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Southern Union State Community College students Beau Gregory, left, and Christopher Lee operate a Skill Boss machine that provides students with technological maintenance training. Opelika High School students will receive similar training if they are able to pursue dual enrollment this fall and graduate as certified production technicians. 

Opelika High School students may be able to pursue dual enrollment to become certified production technicians when they graduate as a result of progress made within the city’s workforce development initiative.

The prospective, two-year enrollment option would be provided by a program through the national Manufacturing Skills Standards Council, said Greg Leikvold, a former manufacturing manager with Michelin who worked in multiple countries and is now providing consultation services on behalf of Opelika’s workforce development efforts.

As certified production technicians, graduating students would be skilled in the basic principles of manufacturing in four areas: safety, quality, maintenance and manufacturing processes, Leikvold said. Local industrial officials have expressed enthusiasm about the idea.

“I’ve pitched it to the factory managers and they’ve said, ‘Great. That’s great. Please do that so that we have more employable young people,’” Leikvold said.

Enhancing employability

The dual-enrollment initiative emerged from collaborative efforts involving officials from the city, Opelika High School and Southern Union State Community College, said Leikvold. Through its implementation, the program would enhance students’ employability among local industries.

“It’s a national program that we think we’d like to implement, and we’re told we’re pioneers in doing this,” Leikvold said. “So if we can pull it off…it should make a lot of our kids more employable, those that choose not to go to a four-year university right away. And it’ll help our local businesses who need that kind of talent.”

In pursuing the initiative, Leikvold added that he and other officials have met with several plant managers at West Fraser, Castone Corporation, Mando America Corporation, Cumberland Plastic Solutions, Golden State Foods and Pharmavite.

“We simply asked these managers, ‘What are your workforce needs?’” Leikvold said. “So we understand what they need, and that’s really why we developed this dual enrollment program and some other things. So I’m spending a lot of time in factories with managers, trying to assess their needs and then address them.”

Leikvold said he will receive assistance from Clifford Jones, pastor at Greater Peace Baptist Church, with reaching out to parents.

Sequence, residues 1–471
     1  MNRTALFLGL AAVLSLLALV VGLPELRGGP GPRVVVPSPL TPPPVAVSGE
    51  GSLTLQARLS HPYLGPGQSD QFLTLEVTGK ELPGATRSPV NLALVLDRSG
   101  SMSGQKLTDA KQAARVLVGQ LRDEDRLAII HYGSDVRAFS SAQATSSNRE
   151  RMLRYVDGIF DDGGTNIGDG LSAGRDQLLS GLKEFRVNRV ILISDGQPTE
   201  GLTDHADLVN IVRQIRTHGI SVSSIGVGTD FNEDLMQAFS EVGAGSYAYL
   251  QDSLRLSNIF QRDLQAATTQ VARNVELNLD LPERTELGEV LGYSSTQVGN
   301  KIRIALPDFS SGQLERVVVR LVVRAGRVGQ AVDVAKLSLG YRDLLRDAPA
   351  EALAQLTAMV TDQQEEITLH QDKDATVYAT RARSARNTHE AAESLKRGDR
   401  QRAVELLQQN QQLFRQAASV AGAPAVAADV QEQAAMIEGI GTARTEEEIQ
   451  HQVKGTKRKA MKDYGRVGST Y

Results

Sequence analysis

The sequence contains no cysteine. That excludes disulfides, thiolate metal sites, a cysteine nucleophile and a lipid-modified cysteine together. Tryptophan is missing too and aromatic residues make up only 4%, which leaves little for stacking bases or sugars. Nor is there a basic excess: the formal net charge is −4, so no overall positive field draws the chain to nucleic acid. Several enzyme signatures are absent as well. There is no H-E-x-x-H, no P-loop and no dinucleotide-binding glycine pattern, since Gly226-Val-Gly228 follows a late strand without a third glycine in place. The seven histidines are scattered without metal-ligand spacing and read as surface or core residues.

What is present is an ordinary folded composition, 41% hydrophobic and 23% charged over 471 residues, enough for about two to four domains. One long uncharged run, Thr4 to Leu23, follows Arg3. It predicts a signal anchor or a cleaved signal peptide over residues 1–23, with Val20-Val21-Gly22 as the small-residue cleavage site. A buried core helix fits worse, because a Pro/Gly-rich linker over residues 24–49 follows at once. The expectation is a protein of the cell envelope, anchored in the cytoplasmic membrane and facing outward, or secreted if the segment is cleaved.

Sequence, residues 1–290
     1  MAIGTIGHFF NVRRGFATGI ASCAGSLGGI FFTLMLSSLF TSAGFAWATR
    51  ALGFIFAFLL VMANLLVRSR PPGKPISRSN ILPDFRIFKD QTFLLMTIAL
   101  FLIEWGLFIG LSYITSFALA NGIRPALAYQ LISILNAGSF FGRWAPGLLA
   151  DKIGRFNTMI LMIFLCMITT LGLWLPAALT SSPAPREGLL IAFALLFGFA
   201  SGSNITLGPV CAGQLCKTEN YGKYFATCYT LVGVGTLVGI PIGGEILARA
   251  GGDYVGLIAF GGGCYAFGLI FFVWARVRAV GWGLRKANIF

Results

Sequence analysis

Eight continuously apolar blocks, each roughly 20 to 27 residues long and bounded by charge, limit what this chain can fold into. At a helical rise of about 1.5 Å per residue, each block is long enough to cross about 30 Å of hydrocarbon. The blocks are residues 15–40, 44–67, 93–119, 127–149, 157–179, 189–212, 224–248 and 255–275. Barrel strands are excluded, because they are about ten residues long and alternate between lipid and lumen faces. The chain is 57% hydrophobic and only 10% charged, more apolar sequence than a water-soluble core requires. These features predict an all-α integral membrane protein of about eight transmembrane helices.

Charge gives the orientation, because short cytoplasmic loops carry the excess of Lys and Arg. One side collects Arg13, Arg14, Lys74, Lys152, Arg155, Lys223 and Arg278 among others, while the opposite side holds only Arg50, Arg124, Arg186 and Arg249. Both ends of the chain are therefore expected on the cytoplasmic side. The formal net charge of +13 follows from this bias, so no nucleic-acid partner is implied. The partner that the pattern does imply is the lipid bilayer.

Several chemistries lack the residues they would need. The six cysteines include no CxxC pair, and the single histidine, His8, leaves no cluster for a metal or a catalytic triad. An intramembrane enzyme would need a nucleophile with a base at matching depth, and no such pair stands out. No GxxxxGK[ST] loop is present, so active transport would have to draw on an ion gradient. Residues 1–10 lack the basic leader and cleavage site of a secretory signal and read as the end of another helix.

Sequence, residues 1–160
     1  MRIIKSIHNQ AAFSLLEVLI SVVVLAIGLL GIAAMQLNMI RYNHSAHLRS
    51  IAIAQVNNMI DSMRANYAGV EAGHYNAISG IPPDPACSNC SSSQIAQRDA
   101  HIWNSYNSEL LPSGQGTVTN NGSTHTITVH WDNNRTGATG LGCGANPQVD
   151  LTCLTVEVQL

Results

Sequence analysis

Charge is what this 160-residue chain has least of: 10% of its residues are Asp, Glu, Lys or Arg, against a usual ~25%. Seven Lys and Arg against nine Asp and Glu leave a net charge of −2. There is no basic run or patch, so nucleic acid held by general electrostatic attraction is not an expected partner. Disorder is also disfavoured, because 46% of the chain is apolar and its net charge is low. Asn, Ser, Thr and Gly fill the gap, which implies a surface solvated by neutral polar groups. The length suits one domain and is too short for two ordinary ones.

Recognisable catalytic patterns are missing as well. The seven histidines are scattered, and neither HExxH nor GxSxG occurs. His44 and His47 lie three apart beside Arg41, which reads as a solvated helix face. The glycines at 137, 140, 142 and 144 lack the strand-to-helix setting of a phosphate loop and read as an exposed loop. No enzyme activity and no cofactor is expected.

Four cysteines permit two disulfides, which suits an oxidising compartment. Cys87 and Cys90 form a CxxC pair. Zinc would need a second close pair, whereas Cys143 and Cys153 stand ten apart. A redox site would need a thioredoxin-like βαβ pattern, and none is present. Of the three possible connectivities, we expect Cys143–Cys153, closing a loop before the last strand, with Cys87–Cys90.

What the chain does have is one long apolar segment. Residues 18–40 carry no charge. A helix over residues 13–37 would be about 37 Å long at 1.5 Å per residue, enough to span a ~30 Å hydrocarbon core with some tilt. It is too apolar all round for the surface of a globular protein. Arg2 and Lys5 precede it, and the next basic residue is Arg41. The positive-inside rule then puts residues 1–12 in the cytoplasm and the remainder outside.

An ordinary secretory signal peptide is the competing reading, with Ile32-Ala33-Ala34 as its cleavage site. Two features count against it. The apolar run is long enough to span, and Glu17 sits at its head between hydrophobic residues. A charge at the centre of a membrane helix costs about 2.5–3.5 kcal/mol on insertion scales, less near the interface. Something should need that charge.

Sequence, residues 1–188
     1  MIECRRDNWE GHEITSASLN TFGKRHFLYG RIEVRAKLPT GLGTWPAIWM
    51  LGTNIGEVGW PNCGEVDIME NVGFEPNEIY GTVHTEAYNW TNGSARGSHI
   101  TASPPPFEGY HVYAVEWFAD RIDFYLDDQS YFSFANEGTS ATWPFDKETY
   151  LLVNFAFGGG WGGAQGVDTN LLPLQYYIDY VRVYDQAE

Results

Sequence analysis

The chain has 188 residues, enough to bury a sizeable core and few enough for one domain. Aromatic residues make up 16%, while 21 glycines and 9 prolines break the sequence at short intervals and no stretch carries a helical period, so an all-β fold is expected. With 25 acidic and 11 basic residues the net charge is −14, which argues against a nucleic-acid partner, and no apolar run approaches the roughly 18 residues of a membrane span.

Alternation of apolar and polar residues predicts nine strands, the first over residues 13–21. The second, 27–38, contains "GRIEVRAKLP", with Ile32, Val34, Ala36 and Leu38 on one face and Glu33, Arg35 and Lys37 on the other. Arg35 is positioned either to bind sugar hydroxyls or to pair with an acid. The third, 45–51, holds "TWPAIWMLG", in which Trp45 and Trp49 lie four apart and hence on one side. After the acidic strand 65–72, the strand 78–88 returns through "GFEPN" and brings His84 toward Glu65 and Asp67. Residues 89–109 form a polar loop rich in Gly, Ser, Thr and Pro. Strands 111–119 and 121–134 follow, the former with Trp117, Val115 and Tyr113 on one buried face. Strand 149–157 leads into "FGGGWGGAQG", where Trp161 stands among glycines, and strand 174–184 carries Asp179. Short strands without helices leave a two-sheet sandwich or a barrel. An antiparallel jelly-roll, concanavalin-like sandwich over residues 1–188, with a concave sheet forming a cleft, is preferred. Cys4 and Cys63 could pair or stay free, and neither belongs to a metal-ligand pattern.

Jones said he will promote the program as much as he can.

“I think it’s important for parents to understand the nature of the program, because many of the students who graduate may not be going to college,” Jones said. “This will be an alternative for them to find good employment, or a trade or skills, for them to be able to make a living.”

Connecting with industry

Officials with the city and school system expressed positive outlooks about the program.

“I think that’s something that will be very beneficial to our community for the needs that we have in workforce development, and also great opportunities for students,” said Lori Huguley, the city’s director of economic development.

OHS Principal Farrell Seymore highlighted the school’s excitement about partnering with the city and Southern Union “to provide many of our students opportunities to enroll in college early and begin a more rigorous look at a career in industry.”

“We are fortunate to have so many different manufacturing opportunities in our city,” Seymore added. “Our goal is to connect with industry partners to ensure that students who choose to enter the industrial pathway are prepared for both college and a career.”

Having sufficient availability of competent employees is vital to industrial growth, Leikvold said.

“There are local companies that have capital to spend, they tell us, and they’re not going to spend it until they’re sure they have the required workforce,” he added. “So that’s the primary goal. So it benefits the company, and then it benefits the human being because he or she gets a better, high-paying job because they have the better skill set. And that, in turn, helps the community.”


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